WASHINGTON, D.C.—After a number of high-profile commercial cyberattacks, business leaders are becoming increasingly aware of the need for a cybersecurity plan of action.

Womble Bond Dickinson Communications, Technology & Media lawyer Erin Fitzgerald discussed this growing need with the South Dakota Network LLC. She said failure to plan for cyber attacks can put a company and its board of directors in jeopardy.

“Company boards have a duty of care. They have a duty to the company that they serve. And they can be found to have breached that duty of care if they don't take sufficient action,” she said.

In addition, she said cybersecurity is a constant, ever-changing need, rather than something that can be addressed once and then forgotten. As online threats change, so, too, must the response, she said.

“You have to start, and once you start you probably won't stop. That's how it's got to be,” she said. Her cybersecurity best practices include:

  • Develop a cybersecurity compliance plan that includes both an incident response and recovery process;
  • Perform an annual cyber health check, and meet with senior staff to review any risks or issues;
  • Realize that working with third-party providers that connect with the company’s network can bring about risks;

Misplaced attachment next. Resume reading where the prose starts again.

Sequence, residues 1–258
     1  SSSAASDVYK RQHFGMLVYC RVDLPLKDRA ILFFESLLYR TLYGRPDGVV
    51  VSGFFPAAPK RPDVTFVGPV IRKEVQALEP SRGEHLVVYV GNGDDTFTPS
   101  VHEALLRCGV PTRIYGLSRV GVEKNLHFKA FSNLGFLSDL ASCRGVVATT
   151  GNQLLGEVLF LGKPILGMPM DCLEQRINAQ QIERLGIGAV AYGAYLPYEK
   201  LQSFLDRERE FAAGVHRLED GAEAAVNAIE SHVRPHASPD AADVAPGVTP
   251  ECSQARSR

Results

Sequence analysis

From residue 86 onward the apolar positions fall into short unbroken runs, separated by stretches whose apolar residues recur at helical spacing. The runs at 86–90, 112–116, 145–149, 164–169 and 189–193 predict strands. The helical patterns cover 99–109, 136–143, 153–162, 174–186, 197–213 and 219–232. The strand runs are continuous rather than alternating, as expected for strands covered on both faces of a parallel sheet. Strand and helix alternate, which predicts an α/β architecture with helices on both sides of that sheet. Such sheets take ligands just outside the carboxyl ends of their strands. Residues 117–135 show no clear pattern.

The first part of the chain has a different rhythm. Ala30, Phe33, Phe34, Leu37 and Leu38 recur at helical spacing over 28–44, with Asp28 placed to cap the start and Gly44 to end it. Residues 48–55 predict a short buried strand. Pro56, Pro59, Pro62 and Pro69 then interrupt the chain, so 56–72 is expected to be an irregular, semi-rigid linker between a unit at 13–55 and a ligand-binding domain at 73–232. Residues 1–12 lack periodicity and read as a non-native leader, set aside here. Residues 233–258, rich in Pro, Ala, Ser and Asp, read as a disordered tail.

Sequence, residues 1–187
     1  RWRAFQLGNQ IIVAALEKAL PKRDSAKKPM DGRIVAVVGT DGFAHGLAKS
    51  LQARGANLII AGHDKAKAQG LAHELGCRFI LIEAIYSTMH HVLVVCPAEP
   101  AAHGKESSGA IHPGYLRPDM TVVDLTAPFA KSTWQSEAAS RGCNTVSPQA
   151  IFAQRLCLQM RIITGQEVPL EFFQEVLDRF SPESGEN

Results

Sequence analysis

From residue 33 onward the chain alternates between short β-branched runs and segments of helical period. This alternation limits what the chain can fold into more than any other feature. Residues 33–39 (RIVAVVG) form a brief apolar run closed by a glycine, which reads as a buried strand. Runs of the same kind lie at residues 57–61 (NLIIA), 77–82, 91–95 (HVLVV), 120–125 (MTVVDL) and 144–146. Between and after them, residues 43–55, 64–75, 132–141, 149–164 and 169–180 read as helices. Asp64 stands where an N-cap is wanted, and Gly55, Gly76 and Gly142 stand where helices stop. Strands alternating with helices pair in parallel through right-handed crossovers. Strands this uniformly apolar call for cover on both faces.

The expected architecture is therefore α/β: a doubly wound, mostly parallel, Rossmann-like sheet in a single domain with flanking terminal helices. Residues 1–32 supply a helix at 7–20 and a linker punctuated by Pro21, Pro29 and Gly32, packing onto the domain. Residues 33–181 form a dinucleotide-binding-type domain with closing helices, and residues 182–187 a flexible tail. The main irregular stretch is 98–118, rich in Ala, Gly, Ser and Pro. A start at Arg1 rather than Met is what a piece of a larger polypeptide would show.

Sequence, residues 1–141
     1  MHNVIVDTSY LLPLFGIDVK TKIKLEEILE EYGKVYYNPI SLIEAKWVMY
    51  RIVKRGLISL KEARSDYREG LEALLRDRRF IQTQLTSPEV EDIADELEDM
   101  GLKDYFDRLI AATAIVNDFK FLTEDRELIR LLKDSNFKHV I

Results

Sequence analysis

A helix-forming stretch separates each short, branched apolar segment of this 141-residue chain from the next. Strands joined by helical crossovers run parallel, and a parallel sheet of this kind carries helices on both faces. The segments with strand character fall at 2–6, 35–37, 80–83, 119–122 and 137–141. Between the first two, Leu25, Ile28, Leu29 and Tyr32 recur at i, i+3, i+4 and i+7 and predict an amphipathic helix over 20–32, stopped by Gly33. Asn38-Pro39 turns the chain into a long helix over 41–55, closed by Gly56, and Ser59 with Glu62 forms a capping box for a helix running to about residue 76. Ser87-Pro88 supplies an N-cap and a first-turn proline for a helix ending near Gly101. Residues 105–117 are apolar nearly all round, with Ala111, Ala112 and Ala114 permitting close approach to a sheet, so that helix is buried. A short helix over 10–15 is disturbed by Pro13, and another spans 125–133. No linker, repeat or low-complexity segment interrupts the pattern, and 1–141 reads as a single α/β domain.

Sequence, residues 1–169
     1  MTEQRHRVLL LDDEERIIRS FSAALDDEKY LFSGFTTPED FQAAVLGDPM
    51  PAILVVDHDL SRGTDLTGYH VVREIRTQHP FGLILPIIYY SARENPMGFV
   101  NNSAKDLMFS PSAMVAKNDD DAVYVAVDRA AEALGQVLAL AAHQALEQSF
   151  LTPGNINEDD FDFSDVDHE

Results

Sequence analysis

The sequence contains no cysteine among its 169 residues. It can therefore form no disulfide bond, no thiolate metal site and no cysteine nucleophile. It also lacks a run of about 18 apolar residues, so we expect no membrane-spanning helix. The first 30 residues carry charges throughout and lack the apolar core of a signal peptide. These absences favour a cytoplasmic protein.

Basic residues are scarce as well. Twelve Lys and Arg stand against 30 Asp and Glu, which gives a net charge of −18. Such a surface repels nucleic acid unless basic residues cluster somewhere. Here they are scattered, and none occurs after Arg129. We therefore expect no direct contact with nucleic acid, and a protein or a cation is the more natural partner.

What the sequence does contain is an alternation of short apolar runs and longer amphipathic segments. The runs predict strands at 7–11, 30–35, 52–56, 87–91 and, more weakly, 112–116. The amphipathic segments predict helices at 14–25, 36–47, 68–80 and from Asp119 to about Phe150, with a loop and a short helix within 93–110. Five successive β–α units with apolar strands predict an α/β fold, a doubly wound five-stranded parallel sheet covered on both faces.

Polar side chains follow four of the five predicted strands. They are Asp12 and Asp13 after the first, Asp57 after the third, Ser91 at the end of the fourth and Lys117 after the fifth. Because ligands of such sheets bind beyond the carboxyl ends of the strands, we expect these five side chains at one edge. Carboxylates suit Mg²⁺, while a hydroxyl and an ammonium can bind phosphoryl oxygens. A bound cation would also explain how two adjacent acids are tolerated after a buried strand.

• Require all major data breach attempts to be reported to the Board of Directors – not just the successful breaches. Create a safe environment for reporting cyber attacks.
  • Make sure that managers are informed of, and can communicate the company’s cybersecurity protocols;
  • Ensure that a chief information security officer is reporting at an appropriately high level of the organization; and
  • Verify that the company has adequate cyber insurance coverage.

Click here to read “Cybersecurity planning has evolved into a high-level duty” by the South Dakota Network LLC.

Erin Fitzgerald advises telecommunications carriers, broadband service providers, and technology companies on complex commercial and regulatory matters. Erin also serves as Regulatory Counsel to the Rural Wireless Association (RWA) and has extensive experience on issues regarding privacy/data protection, spectrum auctions, universal service, broadband deployment, data roaming, network neutrality, and wireless licensing. Erin advocates in rulemaking and policymaking proceedings on behalf of RWA as well as individual clients, and frequently appears before the Federal Communications Commission (FCC).